March 27, 2017
By Bob Cox
Some opinions, comments and links relating to what is happening in this great nation and, in particular, in Western Colorado.
As a caucus member of the Colorado Sportsmen’s Roundtable, I sat through an afternoon of information sharing at our session in Glenwood Springs last Saturday.
Once again, I have to qualify what I am about to say and explain what may look like a switch in position on my part because I was so adamantly opposed to the merger of the Colorado State Parks and the Division of Wildlife. I fully understood why that merger was deemed necessary, but that did not make me like it any better. I know there is still some confusion, but one thing that is important is that, in spite of the merger, the funding for parks and wildlife is separate – they do not work under a combined budget.
What they do work under is what is called an enterprise agency. In other words, they exist on funding from users. The problem is that Colorado Parks and Wildlife, as it is now known, does not under the current system have the ability to set fees. That has, and could continue to be a problem because, as it stands now, when you pay for your hunting licenses and parks passes the money is then allocated through the budget process by legislation, as are the fees for those licenses and passes.
In the past, the representatives from the agencies would go before the legislature asking for license fee increases and the legislators, as they often do, have visions of being beat over the head with a ballot box so they are reluctant to vote for the increase. That has created a problem because, rather than increase fees a little each year the agency now finds itself in a crunch where more services are being demanded with less revenue because there has not been an increase in license fees since 2005 and in parks passes since 2010. Meanwhile, spending power has decreased by an estimated 22 percent. Now the sportsmen and women of this state are faced with large increases all at one time.
We need to give the CPW commissioners the power to raise fees in a very regulated manner and take the politics out as much as possible. Either today, or in the next few days a bill, now called the CPW Financial Sustainability Bill, will be introduced into the House. This bill, in a nutshell, gives the Commission limited authority to set parks, hunting, fishing and aquatic nuisance sticker fees under the following guidelines:
Individual park fees would be capped at no more than 50 percent.
Application fees would be capped at $20 and hunting and fishing licenses capped at no more than 50 percent increase.
Senior fishing licenses would be set at 1/2 the price of resident prices.
ANS stickers fees will also be capped.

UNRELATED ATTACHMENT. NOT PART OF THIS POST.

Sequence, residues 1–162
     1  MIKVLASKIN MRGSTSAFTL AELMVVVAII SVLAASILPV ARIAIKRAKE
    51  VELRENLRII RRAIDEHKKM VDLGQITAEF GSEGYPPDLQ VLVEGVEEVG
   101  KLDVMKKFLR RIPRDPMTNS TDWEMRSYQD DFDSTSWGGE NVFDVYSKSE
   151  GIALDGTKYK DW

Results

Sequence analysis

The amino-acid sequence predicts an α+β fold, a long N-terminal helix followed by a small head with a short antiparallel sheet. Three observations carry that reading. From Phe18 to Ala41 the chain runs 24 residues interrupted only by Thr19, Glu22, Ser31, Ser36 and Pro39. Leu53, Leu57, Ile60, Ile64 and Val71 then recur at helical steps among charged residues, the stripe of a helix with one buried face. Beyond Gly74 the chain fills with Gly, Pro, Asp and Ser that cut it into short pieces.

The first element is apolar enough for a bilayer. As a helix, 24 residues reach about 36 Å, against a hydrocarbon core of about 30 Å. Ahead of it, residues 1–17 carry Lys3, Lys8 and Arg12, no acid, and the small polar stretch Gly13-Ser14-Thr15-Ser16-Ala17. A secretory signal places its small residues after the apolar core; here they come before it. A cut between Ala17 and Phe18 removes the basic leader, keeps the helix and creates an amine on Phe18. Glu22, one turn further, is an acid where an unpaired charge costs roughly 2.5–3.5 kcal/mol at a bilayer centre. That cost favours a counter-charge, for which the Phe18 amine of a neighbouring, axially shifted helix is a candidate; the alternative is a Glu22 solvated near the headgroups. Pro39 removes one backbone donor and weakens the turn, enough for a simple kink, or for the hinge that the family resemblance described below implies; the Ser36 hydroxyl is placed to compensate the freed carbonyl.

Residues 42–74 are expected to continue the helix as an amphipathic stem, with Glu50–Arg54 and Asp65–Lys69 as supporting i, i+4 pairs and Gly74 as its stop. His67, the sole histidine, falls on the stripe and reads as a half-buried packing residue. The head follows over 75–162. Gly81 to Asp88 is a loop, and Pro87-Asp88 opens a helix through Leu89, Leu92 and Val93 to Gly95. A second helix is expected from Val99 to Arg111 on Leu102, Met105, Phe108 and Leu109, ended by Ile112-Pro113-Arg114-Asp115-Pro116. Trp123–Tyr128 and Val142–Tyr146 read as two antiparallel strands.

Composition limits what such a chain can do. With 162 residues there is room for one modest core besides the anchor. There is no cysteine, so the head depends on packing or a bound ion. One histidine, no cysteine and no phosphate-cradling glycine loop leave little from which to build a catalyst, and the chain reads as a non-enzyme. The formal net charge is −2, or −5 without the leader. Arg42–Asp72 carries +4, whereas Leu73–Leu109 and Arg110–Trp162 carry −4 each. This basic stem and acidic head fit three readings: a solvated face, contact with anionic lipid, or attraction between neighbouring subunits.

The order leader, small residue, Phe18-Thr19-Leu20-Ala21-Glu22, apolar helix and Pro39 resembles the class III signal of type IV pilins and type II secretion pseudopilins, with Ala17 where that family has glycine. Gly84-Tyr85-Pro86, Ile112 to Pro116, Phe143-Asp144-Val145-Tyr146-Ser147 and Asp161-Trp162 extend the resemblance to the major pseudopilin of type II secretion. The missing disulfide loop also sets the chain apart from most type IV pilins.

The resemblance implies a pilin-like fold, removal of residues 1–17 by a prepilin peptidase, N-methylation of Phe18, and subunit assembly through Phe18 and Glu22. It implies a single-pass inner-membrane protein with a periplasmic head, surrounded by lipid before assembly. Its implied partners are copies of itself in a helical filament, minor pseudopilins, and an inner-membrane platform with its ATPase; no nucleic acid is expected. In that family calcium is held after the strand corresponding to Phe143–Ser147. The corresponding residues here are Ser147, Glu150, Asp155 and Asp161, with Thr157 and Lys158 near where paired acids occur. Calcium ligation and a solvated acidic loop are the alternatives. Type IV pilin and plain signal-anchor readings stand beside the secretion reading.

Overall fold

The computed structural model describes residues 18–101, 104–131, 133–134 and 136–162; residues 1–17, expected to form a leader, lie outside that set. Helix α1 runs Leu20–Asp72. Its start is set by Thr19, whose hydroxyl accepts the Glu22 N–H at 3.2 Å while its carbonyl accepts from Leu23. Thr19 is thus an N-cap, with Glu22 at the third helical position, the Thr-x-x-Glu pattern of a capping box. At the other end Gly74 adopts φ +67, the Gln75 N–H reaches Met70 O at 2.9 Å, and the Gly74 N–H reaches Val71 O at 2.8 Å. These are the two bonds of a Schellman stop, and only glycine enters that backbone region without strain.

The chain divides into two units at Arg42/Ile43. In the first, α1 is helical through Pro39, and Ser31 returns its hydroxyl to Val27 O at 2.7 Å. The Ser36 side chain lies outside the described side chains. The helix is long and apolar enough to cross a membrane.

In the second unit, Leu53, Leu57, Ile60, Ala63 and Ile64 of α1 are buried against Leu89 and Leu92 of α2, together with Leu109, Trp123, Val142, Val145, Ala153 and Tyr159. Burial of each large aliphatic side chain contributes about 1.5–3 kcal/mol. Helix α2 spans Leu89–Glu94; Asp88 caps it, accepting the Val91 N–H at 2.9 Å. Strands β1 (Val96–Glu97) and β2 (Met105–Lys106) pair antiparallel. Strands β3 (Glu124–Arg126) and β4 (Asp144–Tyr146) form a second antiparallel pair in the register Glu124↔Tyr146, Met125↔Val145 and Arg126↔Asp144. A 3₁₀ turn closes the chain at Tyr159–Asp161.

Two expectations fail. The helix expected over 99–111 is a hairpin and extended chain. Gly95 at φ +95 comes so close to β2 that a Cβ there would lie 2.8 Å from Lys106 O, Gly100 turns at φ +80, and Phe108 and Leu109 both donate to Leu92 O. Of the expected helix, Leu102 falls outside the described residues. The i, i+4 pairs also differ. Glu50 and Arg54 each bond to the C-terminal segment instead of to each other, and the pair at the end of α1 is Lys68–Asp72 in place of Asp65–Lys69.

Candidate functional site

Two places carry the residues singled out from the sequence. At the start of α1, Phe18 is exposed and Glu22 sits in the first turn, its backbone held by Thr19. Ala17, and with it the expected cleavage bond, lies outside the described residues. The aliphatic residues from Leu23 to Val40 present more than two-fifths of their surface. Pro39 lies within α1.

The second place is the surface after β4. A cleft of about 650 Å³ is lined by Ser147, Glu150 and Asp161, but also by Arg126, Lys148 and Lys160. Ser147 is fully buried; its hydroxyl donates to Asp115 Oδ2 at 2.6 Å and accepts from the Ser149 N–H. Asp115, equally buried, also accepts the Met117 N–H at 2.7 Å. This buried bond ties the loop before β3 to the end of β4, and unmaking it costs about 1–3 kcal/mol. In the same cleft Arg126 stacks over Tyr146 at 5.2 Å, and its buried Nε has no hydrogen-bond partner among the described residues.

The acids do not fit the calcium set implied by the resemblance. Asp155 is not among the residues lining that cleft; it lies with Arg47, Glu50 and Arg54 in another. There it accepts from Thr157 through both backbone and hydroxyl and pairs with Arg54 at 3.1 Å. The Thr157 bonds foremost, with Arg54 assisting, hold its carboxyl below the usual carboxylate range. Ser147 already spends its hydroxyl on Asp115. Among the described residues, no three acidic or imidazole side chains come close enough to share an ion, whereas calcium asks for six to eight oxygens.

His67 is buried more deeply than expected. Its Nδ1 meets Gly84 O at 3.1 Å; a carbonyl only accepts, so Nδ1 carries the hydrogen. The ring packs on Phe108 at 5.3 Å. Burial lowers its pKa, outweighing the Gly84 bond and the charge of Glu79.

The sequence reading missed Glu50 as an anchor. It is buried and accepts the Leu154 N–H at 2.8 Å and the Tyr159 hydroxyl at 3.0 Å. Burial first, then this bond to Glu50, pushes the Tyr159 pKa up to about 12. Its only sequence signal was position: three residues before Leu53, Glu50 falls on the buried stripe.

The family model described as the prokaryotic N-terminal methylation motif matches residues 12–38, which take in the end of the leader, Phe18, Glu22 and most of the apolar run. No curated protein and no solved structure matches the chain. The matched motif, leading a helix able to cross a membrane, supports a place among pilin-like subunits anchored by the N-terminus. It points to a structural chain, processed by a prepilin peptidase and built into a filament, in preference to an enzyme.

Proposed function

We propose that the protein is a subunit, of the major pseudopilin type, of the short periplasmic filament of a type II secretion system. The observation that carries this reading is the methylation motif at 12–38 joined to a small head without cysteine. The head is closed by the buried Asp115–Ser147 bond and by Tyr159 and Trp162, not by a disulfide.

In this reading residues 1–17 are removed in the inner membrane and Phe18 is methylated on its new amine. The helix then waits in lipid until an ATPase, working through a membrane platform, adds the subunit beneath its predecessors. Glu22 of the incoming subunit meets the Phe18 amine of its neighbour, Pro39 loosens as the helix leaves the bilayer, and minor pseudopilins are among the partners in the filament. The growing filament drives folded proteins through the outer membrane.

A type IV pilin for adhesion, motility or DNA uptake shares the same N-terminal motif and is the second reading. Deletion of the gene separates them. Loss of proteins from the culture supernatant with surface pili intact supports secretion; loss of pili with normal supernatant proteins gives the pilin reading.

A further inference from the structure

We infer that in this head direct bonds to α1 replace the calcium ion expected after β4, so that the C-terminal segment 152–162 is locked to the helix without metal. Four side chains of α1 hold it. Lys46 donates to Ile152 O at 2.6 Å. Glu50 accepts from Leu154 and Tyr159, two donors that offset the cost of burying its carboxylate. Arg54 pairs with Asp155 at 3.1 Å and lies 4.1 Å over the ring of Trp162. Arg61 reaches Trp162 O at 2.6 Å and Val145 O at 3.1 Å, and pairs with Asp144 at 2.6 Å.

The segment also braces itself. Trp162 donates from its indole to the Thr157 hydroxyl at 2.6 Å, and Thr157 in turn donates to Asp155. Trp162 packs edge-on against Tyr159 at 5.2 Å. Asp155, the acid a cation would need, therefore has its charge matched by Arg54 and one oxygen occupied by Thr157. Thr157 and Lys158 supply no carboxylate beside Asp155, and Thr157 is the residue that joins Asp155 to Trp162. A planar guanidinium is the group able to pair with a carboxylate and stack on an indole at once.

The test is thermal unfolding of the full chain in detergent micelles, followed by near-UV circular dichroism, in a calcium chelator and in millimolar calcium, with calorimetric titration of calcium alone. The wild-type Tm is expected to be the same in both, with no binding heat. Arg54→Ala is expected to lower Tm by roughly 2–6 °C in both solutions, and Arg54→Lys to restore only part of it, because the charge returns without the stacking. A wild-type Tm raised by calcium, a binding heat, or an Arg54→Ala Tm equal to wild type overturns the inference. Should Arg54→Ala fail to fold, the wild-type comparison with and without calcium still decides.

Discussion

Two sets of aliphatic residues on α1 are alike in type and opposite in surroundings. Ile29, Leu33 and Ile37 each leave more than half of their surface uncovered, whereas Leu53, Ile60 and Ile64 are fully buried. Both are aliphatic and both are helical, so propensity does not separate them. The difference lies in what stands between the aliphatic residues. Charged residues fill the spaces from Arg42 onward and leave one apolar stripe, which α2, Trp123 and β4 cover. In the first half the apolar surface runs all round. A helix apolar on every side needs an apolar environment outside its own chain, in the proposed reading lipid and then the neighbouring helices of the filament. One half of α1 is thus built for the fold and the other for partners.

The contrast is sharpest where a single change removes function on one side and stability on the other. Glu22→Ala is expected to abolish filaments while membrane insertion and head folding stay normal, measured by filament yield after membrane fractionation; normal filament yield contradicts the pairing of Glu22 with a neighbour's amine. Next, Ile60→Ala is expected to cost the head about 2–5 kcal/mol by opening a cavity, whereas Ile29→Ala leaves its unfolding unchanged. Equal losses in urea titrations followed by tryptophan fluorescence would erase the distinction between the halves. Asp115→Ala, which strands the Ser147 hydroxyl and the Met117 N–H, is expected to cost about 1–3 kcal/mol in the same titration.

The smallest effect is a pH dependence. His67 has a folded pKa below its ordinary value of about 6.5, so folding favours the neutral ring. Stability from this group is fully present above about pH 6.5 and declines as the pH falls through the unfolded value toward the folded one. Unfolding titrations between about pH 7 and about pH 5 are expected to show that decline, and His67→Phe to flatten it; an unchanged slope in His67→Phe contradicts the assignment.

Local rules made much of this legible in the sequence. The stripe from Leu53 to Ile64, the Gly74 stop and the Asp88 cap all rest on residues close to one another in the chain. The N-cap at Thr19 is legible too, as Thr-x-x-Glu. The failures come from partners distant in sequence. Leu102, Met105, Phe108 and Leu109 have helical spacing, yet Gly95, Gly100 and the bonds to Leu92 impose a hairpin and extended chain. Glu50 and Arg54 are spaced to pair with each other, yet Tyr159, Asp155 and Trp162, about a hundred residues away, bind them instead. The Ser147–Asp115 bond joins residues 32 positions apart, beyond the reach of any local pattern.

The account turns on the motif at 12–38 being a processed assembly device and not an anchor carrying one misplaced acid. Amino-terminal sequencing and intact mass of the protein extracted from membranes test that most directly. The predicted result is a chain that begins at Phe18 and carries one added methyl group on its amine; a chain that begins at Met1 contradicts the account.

And most important is that the bill will allow future fee changes (under the caps) to be based on the Consumer Price Index. This is the guideline used for several years for non-resident fees and it has worked relatively well.
I believe that it is important that us hunters, anglers general outdoors enthusiasts support this bill, and there are a few people that need to know now that we support it:
First of all, let Marc Catlin know how we feel. He probably assumes he knows, but give him some support so he can tell his new friends in the House.
The bill will begin its travels in the House Agriculture, Livestock and Natural Resources Committee. Jeni James Arndt (D) Dist. 53 is the chair of that committee – send her an email – let her know. email@example.com.
The vice chair is Diane Mitsch Bush (D) Dist. 26. She needs to know too:
The Minority Caucus chair is Yeulin Willett (R) Delta and Mesa Counties. Willett needs to be able to stand up for the minority and tell them how involved the sportsmen are in this process. firstname.lastname@example.org.
I happen to like Bob Broscheid, who is the Director of Colorado Parks and Wildlife. I think he has been up front and honest with us, and that he has a very difficult position, but one that he is very qualified. He has certainly been hampered by the merger and by other things that seem to have taken center stage, but this financial sustainability is important and we need to get it right. For my part, I think this is the right bill. I think it has been too long coming, but must get passed now. Otherwise, we will only dig a deeper hole. Broscheid said something Saturday that scares my hunting boots off. He said, “If we don’t pay attention now, the sportsmen and women of this state risk becoming inconsequential.”
This bill may not be perfect and it may seem that we are putting too much trust in the members of the CPW Commission, but when it comes down to it, those commissioners probably understand the plight of those of us who think like I do much more than the typical politician.
If you have an uncontrolled desire to contact all of the House Ag Committee, just go to the Colorado House website. There you can find the necessary information to call or email each and every one of them.
Another good source of information is Doug Vilsack, the DNR Legislative Liaison: (720)456-8596 or email@example.com
Remember, I only send out these missives via email to those who have asked for them. I do not share your email addresses with anyone and I use the Reagan email precisely because they don’t share or sell the addresses either. If you are getting this because someone forwarded it to you and you don’t want it, tell him or her not to forward any more. On the other hand, if you received a copy and would like to see more of my ranting, simply drop me a line at coxnotes@Reagan.com I will put you on my exclusive, but growing list.
© Robert R. Cox 2017